After that deployment, Ashlock volunteered for another tour, this one in Afghanistan. Much of it was spent conducting dangerous road-clearing missions. He injured his neck in one roadside explosion.

In November, shortly before he died, Ashlock visited home on leave. His daughter's elementary school asked him to participate in a Veterans Day ceremony.

"They sang songs to them and honored them," his wife said. "It was the most beautiful thing I've ever seen. He went up there with my daughter in front of everybody and had tears in his eyes. He was really proud of what he did. It was the last time he was here."

Ashlock was buried in Monterey near his hometown of Seaside, south of Santa Cruz.

In addition to his wife and mother, he is survived by five children, Christopher Romine, Erica Sepanski, Jessee Ashlock, Kali Ashlock and Steven Ashlock; his stepfather, Neil Schweitzer; two brothers, Ryan "Buzz" Schweitzer and Lonnie Everson; a sister, Dawn Doss; his grandmother, Bonnie Ashlock; and two grandchildren.

Read more about Army National Guard Staff Sergeant Vincent W. Ashlock at Military Times and visit Sergeant Ashlock's Guest Book.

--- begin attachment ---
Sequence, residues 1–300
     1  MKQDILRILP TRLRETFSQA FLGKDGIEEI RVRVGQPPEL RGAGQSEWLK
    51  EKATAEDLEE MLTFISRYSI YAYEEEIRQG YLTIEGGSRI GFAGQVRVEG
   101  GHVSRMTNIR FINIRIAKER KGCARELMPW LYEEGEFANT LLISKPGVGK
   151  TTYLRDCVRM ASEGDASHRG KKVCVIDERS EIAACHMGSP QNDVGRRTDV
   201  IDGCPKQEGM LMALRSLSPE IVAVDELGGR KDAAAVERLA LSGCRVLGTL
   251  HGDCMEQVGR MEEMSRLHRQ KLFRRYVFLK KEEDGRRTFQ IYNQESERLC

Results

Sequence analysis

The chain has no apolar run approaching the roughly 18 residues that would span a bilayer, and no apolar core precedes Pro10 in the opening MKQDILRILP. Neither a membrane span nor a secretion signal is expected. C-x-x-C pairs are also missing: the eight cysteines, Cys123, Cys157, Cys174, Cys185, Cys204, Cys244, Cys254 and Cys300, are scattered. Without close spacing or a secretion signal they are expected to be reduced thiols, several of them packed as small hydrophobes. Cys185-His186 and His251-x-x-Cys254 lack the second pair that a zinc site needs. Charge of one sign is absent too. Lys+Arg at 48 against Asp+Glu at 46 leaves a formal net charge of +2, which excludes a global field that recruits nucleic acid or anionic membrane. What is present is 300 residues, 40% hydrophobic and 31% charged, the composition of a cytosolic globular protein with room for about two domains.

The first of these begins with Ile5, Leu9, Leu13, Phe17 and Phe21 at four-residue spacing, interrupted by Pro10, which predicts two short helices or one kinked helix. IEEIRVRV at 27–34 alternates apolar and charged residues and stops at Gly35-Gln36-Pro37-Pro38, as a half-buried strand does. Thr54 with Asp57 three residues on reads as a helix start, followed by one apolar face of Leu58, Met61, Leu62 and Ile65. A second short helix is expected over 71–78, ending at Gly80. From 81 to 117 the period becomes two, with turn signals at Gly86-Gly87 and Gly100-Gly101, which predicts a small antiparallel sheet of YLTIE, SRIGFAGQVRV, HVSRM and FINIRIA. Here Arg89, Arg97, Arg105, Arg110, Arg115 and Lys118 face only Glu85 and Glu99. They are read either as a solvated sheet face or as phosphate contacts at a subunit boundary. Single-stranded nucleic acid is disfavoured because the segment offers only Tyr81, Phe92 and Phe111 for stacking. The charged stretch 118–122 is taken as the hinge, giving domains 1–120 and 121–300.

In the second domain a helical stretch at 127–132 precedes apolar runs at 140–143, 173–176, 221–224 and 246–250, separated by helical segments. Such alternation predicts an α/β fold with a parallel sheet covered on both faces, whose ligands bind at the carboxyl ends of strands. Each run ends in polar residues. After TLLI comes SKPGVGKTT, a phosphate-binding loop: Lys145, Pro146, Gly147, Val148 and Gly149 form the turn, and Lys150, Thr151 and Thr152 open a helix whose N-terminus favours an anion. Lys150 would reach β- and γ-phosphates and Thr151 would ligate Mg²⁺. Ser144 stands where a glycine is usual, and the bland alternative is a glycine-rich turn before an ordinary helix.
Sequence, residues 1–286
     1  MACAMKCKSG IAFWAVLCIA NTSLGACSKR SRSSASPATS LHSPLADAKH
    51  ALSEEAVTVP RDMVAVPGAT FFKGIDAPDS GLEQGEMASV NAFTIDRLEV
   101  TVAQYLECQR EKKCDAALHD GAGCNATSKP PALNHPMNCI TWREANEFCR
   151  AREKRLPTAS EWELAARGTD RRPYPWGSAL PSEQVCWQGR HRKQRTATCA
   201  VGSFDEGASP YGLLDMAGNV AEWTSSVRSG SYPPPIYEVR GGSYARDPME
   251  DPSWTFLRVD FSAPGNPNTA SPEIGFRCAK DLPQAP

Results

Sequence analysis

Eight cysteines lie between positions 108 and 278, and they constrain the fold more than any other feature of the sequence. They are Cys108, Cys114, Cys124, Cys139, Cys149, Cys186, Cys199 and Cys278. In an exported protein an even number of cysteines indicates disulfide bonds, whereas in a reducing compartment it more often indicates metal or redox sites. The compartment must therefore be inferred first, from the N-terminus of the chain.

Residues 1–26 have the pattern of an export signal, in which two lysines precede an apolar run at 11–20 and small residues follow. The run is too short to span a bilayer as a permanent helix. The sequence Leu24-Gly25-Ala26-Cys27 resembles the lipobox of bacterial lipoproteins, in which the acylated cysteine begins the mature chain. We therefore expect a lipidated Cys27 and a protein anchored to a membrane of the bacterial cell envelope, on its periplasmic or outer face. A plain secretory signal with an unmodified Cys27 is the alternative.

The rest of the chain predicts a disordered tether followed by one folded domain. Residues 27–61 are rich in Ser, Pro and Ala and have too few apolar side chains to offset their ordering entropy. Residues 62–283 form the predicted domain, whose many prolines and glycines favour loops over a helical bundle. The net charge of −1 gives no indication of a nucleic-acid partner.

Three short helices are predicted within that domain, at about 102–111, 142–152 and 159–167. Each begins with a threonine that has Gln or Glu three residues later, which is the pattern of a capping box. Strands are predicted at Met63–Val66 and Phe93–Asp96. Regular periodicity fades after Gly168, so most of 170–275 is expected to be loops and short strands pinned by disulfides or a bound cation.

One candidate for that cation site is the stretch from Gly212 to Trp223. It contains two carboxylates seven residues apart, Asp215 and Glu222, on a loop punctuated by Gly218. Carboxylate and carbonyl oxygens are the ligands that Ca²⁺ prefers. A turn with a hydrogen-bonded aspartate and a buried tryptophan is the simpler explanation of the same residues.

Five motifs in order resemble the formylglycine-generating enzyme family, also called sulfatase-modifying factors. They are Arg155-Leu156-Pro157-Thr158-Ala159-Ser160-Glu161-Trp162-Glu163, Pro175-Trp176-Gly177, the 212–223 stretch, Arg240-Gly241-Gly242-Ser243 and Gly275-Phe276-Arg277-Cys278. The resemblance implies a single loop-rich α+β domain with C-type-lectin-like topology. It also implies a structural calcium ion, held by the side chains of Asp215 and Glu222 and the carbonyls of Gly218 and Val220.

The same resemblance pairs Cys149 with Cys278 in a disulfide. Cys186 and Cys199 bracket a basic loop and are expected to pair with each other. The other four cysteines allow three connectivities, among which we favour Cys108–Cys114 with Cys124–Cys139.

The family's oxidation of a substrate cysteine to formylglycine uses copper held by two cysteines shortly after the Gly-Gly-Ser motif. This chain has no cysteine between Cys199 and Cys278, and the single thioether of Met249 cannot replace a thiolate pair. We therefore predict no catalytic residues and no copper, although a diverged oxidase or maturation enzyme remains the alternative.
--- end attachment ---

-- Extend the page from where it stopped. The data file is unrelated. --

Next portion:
Saturday, December 3, 2011

Kyle Dayton, Army, Sergeant -- Rest In Peace

Kyle Dayton, 22

Army, Sergeant
Based: Ft. Bragg, N.C.
2nd Battalion, 504th Parachute Infantry Regiment, 1st Brigade Combat Team, 82nd Airborne Division
Supporting: Operation Enduring Freedom
Died: December 3, 2007
Ashwah, Iraq
Married, 1 child
Gender: Male
Hometown: El Dorado Hills
High School: Oak Ridge High School (El Dorado Hills)
Burial: Green Valley Cemetery, Graton, Calif.
[Sergeant Dayton's wife Nicole] said she will forever have imprinted in her mind the image from the day her husband flew off to Iraq. They had about 15 minutes together and she gave him a hug and a kiss. Standing 6 feet 2 and with his pack on his back, Dayton bent down to kiss her belly, swelling with their unborn son. "I'll see you in a couple months," he said, and then walked away.

"He looked back once, and he smiled at me," Nicole said. "He had that smile on his face that he always has . . . it was a goofy smile, it was that don't-you-dare-cry sort of smile, but his eyes looked kind of sad, and I'd never seen that before.

"I was just about to lose it, I was just about to collapse in tears . . . but it was OK, I really thought it was going to be OK. You know, I'll always have that picture of him in my mind."
Do read the whole LA Times article about Army Sergeant Kyle Dayton here and read more here and here and find pictures and remembrances in his Guest Book here.


Friday, December 2, 2011

Shabbat Shalom -- San Antonio


San Antonio, Texas mayor Julian Castro inserts a note as he stands at Western Wall, the holiest site where Jews can pray, during his visit of Jerusalem's Old city, Monday, July 11, 2011. (AP Photos/Dan Balilty)
Photo: Express-News, Dan Balilty / AP

Napoleon Crowns Napoleon

December 2, 1804
Napoleon crowns himself Emperor of the French